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Teen files lawsuit against CCSD and parents for bullying

By Joshua Peguero,


LAS VEGAS (KLAS) — A former student of the Clark County School District is suing the district for allegedly failing to protect him from bullying.

He’s also suing the parents of the students who he claims bullied him.

The victim’s attorney, Jacob Leavitt, told 8 News Now that going after the parents is a way to hold the children accountable.

“[CCSD is] not taking these cases seriously. If they were, they would not just be settling, but changing their policies,” Leavitt said.

When reached for comment on the lawsuit, CCSD told 8 News Now it doesn’t respond to ongoing litigation.

Yet in the complaint filed in Clark County District Court, 17-year-old Nicholas Monroe said he was brutally beaten by three students at Basic Academy of International Studies. When he sought the district’s help, Monroe alleges it failed to protect him.

“It started online through the social media app Instagram, and it progressed into actual bullying at school,” Monroe said.

He alleges the bullying began as he was entering his freshman year at Basic Academy.

“I went to the school multiple times, multiple days in a row.  Just saying, ‘hey. I’ve been threatened. I’ve been threatened.’ And it was just never resolved,” Monroe said.

Three students are named in the lawsuit, and 8 News Now is not identifying them because they are minors.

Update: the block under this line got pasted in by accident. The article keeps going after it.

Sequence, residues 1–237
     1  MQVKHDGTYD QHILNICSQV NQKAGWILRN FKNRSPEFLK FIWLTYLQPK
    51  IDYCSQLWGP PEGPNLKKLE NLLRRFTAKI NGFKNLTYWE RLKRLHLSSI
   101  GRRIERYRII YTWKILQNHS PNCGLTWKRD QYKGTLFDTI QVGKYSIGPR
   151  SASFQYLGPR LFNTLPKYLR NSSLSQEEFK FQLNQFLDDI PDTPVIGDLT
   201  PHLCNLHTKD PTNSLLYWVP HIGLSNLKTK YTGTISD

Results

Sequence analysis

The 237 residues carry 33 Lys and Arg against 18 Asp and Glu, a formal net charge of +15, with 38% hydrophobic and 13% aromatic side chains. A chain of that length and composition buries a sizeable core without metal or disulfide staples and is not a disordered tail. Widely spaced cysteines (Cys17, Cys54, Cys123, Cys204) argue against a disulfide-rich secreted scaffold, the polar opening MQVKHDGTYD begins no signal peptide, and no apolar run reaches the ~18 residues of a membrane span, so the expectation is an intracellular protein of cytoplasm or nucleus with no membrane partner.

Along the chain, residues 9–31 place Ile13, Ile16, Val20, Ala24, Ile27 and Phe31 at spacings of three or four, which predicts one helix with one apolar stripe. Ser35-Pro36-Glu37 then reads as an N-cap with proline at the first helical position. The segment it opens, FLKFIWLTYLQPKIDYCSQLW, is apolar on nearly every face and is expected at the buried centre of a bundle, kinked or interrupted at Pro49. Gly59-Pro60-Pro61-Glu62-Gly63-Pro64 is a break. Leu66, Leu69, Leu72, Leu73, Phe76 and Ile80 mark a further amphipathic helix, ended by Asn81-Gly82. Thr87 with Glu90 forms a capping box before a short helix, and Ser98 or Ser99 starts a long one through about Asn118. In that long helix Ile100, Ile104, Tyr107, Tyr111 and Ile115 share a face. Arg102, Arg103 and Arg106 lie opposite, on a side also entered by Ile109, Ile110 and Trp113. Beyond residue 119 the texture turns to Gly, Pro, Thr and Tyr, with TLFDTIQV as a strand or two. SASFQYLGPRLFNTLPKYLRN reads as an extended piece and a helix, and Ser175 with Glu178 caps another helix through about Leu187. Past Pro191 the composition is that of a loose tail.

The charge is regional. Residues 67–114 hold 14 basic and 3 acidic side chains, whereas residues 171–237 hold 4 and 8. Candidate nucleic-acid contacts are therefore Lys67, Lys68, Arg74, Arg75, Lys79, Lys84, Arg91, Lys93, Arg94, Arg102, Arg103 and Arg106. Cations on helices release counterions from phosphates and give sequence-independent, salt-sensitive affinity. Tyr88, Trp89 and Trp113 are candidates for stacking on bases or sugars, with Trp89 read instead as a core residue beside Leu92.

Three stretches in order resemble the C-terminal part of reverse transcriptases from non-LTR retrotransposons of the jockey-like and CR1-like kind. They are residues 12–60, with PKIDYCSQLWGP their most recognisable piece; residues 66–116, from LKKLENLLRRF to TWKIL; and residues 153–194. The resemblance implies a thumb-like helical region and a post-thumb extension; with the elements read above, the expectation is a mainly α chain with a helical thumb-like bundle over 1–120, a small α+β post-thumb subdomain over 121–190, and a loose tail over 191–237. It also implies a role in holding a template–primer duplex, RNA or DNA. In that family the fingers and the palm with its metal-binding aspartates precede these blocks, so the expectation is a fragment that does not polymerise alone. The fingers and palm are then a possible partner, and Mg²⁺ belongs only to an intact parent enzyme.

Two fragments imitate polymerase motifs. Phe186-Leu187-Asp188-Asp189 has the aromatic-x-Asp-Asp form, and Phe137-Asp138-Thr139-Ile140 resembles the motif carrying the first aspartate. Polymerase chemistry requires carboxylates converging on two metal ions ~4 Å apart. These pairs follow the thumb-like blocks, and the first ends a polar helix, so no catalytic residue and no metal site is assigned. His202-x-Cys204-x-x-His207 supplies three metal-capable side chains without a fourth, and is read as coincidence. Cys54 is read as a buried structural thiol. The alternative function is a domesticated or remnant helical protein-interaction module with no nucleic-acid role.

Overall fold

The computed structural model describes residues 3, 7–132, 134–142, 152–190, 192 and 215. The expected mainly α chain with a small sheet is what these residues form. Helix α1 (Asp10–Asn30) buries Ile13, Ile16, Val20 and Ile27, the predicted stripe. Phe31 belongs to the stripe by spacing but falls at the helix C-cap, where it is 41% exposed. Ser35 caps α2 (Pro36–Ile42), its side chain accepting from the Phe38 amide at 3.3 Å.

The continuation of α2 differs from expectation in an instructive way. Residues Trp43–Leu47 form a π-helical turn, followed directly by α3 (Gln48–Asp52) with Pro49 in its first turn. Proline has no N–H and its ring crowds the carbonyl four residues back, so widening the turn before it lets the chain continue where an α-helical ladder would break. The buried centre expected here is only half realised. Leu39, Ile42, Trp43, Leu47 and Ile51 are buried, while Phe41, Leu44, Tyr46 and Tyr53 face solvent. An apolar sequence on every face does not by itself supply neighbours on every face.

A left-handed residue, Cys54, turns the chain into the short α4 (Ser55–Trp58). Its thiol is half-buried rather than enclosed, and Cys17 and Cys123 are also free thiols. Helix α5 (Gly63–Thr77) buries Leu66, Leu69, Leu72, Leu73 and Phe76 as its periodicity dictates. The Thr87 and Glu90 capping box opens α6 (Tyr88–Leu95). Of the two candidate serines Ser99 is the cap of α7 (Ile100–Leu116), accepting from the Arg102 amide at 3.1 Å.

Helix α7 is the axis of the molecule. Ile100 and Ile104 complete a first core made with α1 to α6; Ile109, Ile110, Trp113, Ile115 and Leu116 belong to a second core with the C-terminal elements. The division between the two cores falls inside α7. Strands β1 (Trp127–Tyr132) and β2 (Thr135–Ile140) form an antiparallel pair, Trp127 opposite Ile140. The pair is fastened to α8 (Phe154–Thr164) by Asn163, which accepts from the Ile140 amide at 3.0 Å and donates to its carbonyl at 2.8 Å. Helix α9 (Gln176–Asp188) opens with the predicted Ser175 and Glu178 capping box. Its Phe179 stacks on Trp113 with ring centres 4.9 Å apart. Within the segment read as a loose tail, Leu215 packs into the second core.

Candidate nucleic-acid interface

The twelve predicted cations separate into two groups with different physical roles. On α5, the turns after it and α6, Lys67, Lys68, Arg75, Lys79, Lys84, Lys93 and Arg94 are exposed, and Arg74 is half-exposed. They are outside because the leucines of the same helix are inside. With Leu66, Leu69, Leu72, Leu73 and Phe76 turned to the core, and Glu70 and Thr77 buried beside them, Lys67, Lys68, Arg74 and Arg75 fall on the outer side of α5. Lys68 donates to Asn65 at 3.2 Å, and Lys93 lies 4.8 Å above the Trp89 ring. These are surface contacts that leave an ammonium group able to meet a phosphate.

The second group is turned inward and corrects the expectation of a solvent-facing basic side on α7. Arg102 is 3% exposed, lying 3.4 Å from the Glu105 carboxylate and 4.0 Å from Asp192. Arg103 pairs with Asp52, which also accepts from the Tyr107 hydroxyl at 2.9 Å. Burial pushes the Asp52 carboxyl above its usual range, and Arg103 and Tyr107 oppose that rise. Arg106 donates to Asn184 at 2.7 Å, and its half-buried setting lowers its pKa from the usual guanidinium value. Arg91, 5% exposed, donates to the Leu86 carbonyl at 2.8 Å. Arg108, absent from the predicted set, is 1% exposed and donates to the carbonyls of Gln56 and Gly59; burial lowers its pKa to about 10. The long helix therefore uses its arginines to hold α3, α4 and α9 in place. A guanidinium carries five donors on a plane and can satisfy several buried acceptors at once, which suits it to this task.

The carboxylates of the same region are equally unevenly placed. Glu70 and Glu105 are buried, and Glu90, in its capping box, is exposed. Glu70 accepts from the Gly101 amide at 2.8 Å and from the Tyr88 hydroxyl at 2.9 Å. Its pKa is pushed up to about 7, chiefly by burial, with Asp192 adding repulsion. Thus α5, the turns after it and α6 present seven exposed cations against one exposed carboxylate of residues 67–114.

According to the lawsuit, the teens are accused of causing injuries to Nicholas Monroe’s head, neck, shoulders, chest, back, legs, hips, knees, ankles, and extremities.

Monroe also claims he suffered a brain injury.

“They couldn’t secure my safety, so I had to transfer out to somewhere that would secure my safety, to [a charter school],” Monroe said.

He is asking the parents of each of the students for $10,000. Which he believes would cover the $15,000 he claims he has incurred in medical expenses plus money for psychological distress.

Leavitt, Monroe’s attorney, told 8 News Now the parents need to be accountable for their child’s behavior.

“I was born and raised here. I’m here. I would love to see the Clark County School District take action and protect these children,” Leavitt said.

According to Leavitt, every week he gets 10 inquiries to his law firm Sin City Law from students looking to sue bullies and their parents.

While he can ask the jury for millions of dollars, Leavitt said CCSD legally wouldn’t have to pay up.

“You have a school district who takes the approach of, ‘hey, here’s our maximum. We’re protected by the legislature. That we don’t have to pay above $100,000. So, what do we care? That’s our worst day in court,’” Leavitt said.

The teens being sued, and their parents, don’t have a lawyer listed on court records.

Leavitt said the three teens are facing charges related to injuries.

A jury trial is scheduled in Clark County District Court for September 5, 2023.

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